Good luck and I look forward to reading more about your troop throughout the year!
    Cristy

    1. mmclean Post author

      Hi Cristy!
      So nice to read your message and to know someone else is having similar experiences. I love the friendship circle idea — I will try that next time. I have an assistant for my next meeting (Tomorrow) so one of us will work with the Daisies exclusively. I hope you’ll keep coming to the blog. I’m letting people know about new posts at: https://www.facebook.com/TalesOfAFirstTimeVolunteerTheTroopLeaderProject If you like the page, you’ll get a message about new posts. Thanks so much!

  6. Wendy Pope

    I’ve found that the girls are quiet when they snack – so that’s when we talk “business” – which for them is the boring part of the meeting. It works out well. We have a “mysignup” page for parents to bring snack every week – works great and it’s free. We have the girls bring mess kits so we don’t have waste and ask parents to bring healthy snacks that don’t make a mess to clean up. (Popcorn is a no-no – gets all over the floor.) We either have snack sizes – or one of the leaders puts the food on their mess kits. We debated getting rid of snack as the girls have aged up – but it’s really something they enjoy and frankly is a bonding/comfort thing of our meeting. It works, so why change it. We’ve always had a large troop – we’re Juniors at 20 girls – so I think we’re doing something right… BTW – leave clean up to the girls! They do an amazing job and they love having a job!

    1. mmclean Post author

      Hi Wendy, Thanks! I’ve got parents bring snacks to the next three meetings. I don’t know “mysignup” — I’ll check it out. Do you use a job chart for the girls? I’m going to try to limit snack to catch up time. Thanks! I hope you’ll keep coming to the blog. I’m letting people know about new posts at: https://www.facebook.com/TalesOfAFirstTimeVolunteerTheTroopLeaderProject If you like the page, you’ll get a message about new posts. Thanks so much!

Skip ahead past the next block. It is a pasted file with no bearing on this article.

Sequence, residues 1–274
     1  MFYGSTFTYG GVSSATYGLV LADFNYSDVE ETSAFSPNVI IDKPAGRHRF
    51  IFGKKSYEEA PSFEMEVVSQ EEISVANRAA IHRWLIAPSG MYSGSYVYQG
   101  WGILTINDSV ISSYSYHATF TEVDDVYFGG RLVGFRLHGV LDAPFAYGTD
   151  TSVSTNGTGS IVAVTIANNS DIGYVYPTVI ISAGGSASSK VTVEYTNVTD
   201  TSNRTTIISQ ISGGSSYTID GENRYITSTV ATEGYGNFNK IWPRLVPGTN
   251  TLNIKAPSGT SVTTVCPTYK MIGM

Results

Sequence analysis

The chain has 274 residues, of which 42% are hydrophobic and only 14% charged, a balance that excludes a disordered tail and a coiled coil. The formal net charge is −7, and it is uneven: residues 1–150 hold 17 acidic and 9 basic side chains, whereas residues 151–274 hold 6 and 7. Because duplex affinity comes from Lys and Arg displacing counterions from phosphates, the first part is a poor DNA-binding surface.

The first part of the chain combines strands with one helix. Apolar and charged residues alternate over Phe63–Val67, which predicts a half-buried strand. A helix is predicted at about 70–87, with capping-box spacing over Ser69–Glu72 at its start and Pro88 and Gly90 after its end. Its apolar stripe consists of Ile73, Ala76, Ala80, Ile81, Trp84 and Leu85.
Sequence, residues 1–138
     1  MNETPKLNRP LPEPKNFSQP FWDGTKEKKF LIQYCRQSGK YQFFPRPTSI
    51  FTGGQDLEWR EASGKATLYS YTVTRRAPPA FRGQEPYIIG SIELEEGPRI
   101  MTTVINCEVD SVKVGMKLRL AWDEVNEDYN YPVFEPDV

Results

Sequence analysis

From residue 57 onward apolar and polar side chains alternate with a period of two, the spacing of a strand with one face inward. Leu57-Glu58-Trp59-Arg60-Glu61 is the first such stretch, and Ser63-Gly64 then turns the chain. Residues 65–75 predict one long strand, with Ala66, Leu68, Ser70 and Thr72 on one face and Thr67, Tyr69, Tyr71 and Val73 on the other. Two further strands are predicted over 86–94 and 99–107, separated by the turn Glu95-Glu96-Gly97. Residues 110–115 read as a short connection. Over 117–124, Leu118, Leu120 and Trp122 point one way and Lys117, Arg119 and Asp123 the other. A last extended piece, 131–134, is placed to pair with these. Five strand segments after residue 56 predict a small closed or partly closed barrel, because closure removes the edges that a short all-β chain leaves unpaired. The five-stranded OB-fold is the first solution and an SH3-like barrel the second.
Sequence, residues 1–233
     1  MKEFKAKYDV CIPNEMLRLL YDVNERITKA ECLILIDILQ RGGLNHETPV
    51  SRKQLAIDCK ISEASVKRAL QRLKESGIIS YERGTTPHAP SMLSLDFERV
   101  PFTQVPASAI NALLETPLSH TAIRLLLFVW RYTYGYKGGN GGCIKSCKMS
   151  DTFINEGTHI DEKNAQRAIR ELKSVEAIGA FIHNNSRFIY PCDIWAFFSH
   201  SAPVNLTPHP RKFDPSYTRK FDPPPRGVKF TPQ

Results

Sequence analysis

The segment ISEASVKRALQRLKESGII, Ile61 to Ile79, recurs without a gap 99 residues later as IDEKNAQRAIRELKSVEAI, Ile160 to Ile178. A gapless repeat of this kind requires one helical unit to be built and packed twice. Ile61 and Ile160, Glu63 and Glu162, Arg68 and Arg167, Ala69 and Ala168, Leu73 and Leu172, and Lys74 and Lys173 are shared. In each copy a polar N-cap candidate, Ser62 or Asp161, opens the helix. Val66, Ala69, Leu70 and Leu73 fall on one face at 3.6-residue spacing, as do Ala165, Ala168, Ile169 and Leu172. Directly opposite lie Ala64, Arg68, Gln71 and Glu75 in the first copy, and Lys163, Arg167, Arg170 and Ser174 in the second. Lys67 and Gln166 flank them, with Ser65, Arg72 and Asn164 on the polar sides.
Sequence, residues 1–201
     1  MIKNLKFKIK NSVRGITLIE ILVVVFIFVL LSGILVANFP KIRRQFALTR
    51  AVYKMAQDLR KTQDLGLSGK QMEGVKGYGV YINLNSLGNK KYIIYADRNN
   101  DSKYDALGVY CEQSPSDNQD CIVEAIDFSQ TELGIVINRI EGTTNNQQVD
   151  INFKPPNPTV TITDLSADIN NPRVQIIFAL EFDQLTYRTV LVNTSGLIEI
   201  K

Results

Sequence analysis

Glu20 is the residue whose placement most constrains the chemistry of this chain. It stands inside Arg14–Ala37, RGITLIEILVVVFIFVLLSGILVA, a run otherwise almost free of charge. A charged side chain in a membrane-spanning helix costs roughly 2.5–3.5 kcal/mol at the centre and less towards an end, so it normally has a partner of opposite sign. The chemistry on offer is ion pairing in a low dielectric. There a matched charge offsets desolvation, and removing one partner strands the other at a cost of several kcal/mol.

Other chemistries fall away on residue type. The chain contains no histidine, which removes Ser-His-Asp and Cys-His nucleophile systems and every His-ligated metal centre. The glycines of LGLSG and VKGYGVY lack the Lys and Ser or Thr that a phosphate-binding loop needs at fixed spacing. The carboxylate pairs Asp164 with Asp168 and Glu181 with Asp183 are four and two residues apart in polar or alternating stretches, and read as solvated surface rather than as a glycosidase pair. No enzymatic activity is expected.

7. Marah

    I have a multi-tiered troop too. It has grown to be more than 35 girls. So we separate into two different rooms when they are all there.
    Monday #1 – all girls – two separate rooms (2 Cadettes help Volunteers with younger girls)
    Monday #2 – off
    Monday #3 – Brownies thru cadettes (traditional meeting)
    Monday #4 – Juniors and cadettes working on awards (work on journeys so we can achieve awards. This works for us cuz we have girls who are not interested in journeys. So they don’t come to these meetings)
    Monday #5 – bonus week for daisies (smaller group of 11. Great for little ones)

    We use a traditional meeting set up. I have a jar of Kapers including photographer, law leader, song starter, blessing giver, special helper, friendship squeeze starter, clean up club, lucky charm and more… Manners and principles of law are BIG with my meetings. Everything we do is reinforced by the words of the law. Respect, responsible, etc …

    A multi-tier troop is difficult when planning meetings, more work for you. But very rewarding to see how the girls work together, help each other, and value the relationships across age levels.

    I’d be happy to share activities that cross over the groups well, and even some that all girls earn badges with. If you’d like just email me.

    marahwalsh@verizon.net

    1. mmclean Post author

      Hi Marah,
      I like the way you separate it out. I can see how that would help. It looks like I’ll have another volunteer helping so I may start that. I also like your list for Kapers.

      Please keep posting!

      Thanks!
      Mary

  8. Amy Post author

    Oh wow, my girls are Ambassadors now but when I think back to my first meetings (ah, how I miss those days!) here are a few things I learned:
    1. Always come prepared. The times when I “winged it” did not turn out well.
    2. Always have a “plan B”. Sometimes activities take more or less time than you expected.
    3. Don’t be afraid of field trips! That was one of my girls’ favorite things! We went to the local historical society where they had vintage GS uniforms, the local coffee house to hear a young girl musician, went to a local county park to talk to a female park ranger.
    4. Bring in guest speakers. I asked the girls what they wanted to be when the grew up then had speakers come so they could as them questions about their jobs.
    5. Have fun! This is an opportunity to share time with your daughter and know who her friends are. Make the most of it and enjoy the ride